David E. Weber, Sean C. MacGregor, David J. Provan, Andrew Rae
Workers have a legal obligation not to perform unsafe work. In many organisations this obligation is supported by an explicit authority to discontinue work or to stop the work of others if the conditions of work are unsafe. The supporting document is often called an ‘Authority to Stop an Unsafe Task.’ However, when conducting work at the sharp operational end of the organisation, stopping work for safety might be challenging at times. A better understanding is required about the stopping of work and the application of an ‘Authority to Stop.’ The aim of this research is to identify some of the factors that support and hinder a workforce to effectively stop work when a task is deemed unsafe. 10 focus groups were conducted with workers of various roles in the liquefied petroleum gas (LPG) industry. The findings outline reasons to stop, challenges and supporting factors of stopping, as well as ways of stopping. The results indicate that the stopping of an unsafe task does not solely hinge on the willingness of individual workers to stop, but also depends on contextual factors surrounding the stop work decision.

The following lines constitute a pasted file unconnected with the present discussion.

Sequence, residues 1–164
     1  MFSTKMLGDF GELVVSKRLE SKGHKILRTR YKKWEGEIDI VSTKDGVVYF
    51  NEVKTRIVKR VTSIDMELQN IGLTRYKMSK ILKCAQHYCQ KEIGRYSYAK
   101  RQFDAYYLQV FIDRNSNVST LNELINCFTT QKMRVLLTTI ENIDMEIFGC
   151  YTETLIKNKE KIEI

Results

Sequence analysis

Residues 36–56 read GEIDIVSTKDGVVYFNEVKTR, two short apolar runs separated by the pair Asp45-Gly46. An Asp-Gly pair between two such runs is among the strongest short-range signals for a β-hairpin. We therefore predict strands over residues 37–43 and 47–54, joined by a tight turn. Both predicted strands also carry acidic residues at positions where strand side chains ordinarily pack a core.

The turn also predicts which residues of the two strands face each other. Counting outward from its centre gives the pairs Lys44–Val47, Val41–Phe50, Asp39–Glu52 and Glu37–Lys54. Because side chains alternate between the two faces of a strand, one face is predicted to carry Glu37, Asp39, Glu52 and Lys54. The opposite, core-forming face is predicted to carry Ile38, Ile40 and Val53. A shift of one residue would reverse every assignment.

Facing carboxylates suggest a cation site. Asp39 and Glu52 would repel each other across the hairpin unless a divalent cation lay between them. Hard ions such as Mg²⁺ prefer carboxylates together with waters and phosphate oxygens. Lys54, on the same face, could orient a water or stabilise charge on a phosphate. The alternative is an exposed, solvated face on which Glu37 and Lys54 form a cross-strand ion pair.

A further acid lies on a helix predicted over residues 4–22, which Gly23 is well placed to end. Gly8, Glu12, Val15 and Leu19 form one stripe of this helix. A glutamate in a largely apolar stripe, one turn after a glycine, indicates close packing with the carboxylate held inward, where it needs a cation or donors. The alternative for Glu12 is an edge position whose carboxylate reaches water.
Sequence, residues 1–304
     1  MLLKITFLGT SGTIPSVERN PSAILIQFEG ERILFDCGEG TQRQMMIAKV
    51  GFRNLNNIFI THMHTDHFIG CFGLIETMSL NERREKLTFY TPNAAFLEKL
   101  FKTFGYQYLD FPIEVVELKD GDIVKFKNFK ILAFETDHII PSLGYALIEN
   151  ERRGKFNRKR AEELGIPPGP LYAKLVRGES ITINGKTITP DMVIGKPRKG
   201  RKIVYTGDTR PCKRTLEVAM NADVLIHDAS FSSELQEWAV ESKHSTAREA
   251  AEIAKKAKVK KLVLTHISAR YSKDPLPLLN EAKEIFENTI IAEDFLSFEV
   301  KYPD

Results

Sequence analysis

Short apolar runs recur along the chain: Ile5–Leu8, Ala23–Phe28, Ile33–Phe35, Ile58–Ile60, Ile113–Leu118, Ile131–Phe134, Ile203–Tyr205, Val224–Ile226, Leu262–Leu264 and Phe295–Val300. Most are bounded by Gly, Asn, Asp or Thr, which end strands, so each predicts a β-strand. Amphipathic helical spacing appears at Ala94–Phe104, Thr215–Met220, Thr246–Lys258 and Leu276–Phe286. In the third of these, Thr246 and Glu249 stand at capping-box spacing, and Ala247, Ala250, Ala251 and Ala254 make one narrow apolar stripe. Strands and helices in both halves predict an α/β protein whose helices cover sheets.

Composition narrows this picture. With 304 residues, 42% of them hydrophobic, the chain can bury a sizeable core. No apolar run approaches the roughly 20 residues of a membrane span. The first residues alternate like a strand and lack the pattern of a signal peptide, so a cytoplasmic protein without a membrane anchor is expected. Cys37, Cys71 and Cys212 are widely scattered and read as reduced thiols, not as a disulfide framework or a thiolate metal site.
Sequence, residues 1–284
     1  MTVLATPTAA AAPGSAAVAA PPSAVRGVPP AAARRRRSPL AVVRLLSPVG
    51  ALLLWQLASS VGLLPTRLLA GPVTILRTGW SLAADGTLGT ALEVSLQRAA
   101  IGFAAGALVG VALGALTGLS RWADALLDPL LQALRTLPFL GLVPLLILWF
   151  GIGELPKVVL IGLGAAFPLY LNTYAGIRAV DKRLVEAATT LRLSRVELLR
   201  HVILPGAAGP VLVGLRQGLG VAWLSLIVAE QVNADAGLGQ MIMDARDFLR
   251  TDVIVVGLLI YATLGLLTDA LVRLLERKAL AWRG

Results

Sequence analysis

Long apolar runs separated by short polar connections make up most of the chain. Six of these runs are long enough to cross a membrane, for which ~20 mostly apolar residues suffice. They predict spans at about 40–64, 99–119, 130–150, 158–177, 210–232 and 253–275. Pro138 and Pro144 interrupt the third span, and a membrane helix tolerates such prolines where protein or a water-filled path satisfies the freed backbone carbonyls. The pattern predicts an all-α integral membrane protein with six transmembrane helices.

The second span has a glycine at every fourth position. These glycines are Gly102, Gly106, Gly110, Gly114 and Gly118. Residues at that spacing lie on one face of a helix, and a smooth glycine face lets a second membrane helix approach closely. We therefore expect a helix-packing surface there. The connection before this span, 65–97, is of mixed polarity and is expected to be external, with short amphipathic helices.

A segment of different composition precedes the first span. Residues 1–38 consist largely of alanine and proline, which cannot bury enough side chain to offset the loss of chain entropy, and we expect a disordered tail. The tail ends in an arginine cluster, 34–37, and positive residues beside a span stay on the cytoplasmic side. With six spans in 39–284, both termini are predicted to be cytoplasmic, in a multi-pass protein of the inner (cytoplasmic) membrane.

Stop work, Authority to stop, Safety, Resilience engineering, Oil and gas